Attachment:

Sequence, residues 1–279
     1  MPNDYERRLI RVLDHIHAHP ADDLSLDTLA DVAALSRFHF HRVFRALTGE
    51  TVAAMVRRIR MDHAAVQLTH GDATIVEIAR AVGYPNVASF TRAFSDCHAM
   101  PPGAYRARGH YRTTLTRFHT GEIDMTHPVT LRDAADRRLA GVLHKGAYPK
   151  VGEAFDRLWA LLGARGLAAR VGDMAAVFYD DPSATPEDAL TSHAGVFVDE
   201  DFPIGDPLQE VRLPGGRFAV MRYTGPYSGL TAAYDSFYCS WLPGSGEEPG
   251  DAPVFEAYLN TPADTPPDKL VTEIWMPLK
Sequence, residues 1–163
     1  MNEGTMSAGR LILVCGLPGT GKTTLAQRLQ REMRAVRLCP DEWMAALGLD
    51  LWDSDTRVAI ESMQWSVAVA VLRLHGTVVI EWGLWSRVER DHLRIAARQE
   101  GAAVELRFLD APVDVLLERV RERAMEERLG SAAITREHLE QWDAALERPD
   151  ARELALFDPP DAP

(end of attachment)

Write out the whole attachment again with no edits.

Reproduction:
Sequence, residues 1–279
     1  MPNDYERRLI RVLDHIHAHP ADDLSLDTLA DVAALSRFHF HRVFRALTGE
    51  TVAAMVRRIR MDHAAVQLTH GDATIVEIAR AVGYPNVASF TRAFSDCHAM
   101  PPGAYRARGH YRTTLTRFHT GEIDMTHPVT LRDAADRRLA GVLHKGAYPK
   151  VGEAFDRLWA LLGARGLAAR VGDMAAVFYD DPSATPEDAL TSHAGVFVDE
   201  DFPIGDPLQE VRLPGGRFAV MRYTGPYSGL TAAYDSFYCS WLPGSGEEPG
   251  DAPVFEAYLN TPADTPPDKL VTEIWMPLK
Sequence, residues 1–163
     1  MNEGTMSAGR LILVCGLPGT GKTTLAQRLQ REMRAVRLCP DEWMAALGLD
    51  LWDSDTRVAI ESMQWSVAVA VLRLHGTVVI EWGLWSRVER DHLRIAARQE
   101  GAAVELRFLD APVDVLLERV RERAMEERLG SAAITREHLE QWDAALERPD
   151  ARELALFDPP DAP